Jesus always wants to heal us of our weaknesses and sins, and we can find Him above all the sacraments of the Church. Both Jesus and Mary are always faithful to their promises. This reminds me of a story. In the 1600s in Scotland, Catholics were persecuted. Priests and laity had to go into hiding or leave the country to avoid imprisonment and even death. One day a Bishop was walking from village to village in the mountains, dressed as a poor farmer to avoid capture. It was nighttime and in the distance he saw a light. As he approached across the snow covered mountains he could see that it was a poor cottage on the edge of the forest. He knocked and the family welcomed him, warmed him near their fire and prepared him some food. The Bishop didn’t know whether they were Catholics or not because he couldn’t see any religious symbols. But he sensed a sadness in the family. The mother then explained that in the back room lying on a bed of straw lay her father who was dying, and he refused to accept that he was dying. The Bishop asked to see him and the old man explained that he was a Catholic and that he had always recited the Rosary and had never failed for a single day since his First Holy Communion to ask Our Lady for the grace not to die without a Priest at his bedside to hear his Confession and to give him the Last Rites. 

Now sir, he said, do you think my Heavenly Mother will not hear my prayer. That is impossible, so I’m not going to die until a Priest comes to visit me.

Tears rolled down the Bishop’s face as he realized that he was the Lord’s and Our Lady’s faithful answer to the man’s humble and confident prayer.

God is always faithful and the Promises of the Holy Rosary are real. The seventh promise of the Holy Rosary is: 

Whoever shall have a true devotion for the Rosary shall not die without the sacraments of the Church.

This Wednesday is Ash Wednesday and Lent is a time of more intense prayer, fasting and almsgivng in preparation for Easter. As we know muscles grow through exercise. The same is true of the virtues. There are three ways in which we can grow spiritually.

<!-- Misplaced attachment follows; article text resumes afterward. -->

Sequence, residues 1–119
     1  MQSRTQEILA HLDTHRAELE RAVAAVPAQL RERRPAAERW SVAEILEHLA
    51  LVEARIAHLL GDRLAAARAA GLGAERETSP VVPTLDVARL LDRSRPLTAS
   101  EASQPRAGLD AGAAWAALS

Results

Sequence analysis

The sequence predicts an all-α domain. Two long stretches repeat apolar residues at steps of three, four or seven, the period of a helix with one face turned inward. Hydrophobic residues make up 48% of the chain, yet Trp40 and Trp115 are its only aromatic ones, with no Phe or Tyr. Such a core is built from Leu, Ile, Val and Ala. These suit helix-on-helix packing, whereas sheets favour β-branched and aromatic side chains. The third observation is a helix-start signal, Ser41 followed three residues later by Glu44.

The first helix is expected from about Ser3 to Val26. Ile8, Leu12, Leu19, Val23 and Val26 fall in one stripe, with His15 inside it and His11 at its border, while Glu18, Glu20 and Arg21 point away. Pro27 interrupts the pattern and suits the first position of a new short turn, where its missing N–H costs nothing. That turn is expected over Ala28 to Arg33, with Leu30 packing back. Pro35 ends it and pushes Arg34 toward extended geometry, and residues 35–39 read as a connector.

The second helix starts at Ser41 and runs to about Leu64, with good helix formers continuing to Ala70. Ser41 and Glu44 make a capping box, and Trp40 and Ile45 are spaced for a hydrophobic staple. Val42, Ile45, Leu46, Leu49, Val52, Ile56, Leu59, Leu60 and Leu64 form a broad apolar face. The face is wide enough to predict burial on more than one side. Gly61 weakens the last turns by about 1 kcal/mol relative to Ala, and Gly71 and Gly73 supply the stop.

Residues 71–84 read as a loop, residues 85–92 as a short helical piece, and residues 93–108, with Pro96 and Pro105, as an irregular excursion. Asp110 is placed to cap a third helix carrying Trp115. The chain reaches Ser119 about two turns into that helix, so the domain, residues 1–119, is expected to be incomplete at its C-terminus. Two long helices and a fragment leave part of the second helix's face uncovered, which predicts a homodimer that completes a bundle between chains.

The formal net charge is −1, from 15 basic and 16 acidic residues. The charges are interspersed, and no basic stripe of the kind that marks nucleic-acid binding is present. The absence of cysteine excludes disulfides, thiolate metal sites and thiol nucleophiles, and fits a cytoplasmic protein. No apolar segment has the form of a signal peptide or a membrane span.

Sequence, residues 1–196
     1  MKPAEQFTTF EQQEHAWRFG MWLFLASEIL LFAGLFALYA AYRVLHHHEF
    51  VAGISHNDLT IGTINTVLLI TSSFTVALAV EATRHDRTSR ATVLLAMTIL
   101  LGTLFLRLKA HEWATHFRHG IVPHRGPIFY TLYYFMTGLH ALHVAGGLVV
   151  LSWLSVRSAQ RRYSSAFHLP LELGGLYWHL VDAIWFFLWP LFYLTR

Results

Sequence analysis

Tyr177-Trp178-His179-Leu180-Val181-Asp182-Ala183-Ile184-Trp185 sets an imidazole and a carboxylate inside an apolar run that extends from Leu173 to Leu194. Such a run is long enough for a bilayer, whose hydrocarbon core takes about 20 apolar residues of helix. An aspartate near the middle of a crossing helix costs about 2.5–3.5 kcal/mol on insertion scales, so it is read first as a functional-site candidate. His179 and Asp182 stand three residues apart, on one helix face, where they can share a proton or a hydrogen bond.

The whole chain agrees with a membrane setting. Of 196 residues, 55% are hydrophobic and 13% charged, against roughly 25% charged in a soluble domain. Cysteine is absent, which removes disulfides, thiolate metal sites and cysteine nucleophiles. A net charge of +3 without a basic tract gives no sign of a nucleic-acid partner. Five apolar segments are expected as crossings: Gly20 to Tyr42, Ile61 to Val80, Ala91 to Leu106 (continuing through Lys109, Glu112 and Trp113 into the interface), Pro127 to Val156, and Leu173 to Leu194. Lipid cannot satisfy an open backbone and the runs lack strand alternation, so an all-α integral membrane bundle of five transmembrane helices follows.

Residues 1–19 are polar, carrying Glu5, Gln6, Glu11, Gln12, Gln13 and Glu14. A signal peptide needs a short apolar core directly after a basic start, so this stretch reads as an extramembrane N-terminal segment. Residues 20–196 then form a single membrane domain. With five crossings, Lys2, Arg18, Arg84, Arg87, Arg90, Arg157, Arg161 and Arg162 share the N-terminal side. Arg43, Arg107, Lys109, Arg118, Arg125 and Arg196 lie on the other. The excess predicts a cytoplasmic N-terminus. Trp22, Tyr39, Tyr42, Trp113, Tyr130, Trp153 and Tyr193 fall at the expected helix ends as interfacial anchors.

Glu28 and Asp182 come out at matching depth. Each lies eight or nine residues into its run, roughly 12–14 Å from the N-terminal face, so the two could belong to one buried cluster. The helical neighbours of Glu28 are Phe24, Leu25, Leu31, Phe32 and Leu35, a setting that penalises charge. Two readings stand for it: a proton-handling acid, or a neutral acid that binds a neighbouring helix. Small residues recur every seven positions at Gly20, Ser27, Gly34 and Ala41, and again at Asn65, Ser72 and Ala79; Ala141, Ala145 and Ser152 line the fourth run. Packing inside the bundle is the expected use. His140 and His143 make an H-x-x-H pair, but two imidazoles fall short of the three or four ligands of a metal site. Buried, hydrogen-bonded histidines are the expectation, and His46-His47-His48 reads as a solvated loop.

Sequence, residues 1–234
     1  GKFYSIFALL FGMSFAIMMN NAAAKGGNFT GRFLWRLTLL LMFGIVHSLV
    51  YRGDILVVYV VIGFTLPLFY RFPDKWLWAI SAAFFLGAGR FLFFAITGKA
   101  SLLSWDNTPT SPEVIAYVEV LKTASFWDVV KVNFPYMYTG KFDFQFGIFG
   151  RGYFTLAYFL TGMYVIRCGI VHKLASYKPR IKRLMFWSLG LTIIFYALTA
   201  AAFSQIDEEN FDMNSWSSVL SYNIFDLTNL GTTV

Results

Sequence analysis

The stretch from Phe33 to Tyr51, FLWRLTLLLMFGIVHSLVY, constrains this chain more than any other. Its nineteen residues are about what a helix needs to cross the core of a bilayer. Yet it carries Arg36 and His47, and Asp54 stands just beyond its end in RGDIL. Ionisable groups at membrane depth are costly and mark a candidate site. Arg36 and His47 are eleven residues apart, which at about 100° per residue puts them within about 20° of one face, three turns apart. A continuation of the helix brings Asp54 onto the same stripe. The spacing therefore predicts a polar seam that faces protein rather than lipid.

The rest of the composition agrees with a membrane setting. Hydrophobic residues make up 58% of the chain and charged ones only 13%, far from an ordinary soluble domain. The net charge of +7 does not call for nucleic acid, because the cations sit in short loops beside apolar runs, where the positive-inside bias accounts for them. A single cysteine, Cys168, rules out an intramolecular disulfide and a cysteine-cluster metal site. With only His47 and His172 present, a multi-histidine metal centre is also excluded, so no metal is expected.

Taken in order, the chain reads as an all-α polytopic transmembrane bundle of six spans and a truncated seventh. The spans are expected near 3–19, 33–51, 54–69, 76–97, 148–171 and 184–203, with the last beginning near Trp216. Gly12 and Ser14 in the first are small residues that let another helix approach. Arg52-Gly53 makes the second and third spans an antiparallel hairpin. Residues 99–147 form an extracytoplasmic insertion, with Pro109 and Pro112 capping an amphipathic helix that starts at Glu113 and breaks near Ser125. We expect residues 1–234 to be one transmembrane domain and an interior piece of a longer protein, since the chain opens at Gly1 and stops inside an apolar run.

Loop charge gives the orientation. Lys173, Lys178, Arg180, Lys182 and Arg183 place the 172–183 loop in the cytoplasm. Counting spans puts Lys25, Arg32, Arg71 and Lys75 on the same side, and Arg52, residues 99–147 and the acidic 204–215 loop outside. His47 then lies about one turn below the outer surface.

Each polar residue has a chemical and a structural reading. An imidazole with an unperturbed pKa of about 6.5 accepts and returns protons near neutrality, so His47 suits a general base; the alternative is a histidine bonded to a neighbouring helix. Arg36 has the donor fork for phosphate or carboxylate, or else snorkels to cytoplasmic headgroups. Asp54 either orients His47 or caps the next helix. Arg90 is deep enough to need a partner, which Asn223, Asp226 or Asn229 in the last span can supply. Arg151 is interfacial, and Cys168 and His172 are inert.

1. Go to Confession regularly. In Confession, like the leper, we throw ourselves at the Lord’s feet and ask for mercy. Our Lord said to St Faustina: The greatest miracles happen in Confession. Through receiving this sacrament regularly we grow in humility and faith. 

2. Thank God every day without fail for the blessings he has given you and grow in a childlike dependence on the Lord. We should desire God’s Will and allow Jesus to act in us, removing the pebble of our own selfish will. Daily life will flow much better if we do this. 

3. Be the first one to say: sorry in conflicts. Jesus says: Blessed are the peacemakers. Try and build an atmosphere of peace and harmony around you.

I wish everyone a very fruitful and holy Lent. Please remember that prayer (E.g. the Holy Rosary), fasting and almsgiving are powerful weapons in the spiritual war raging in the world today. Soon the Immaculate Heart will triumph, but in the meantime let’s be vigilant and faithful soldiers of Our Lord and our Heavenly Mother and make this Lent a time of real growth. Please remember the Works of Mercy and to pray each day for the conversion of sinners.   Praised be Jesus Christ, now and forever!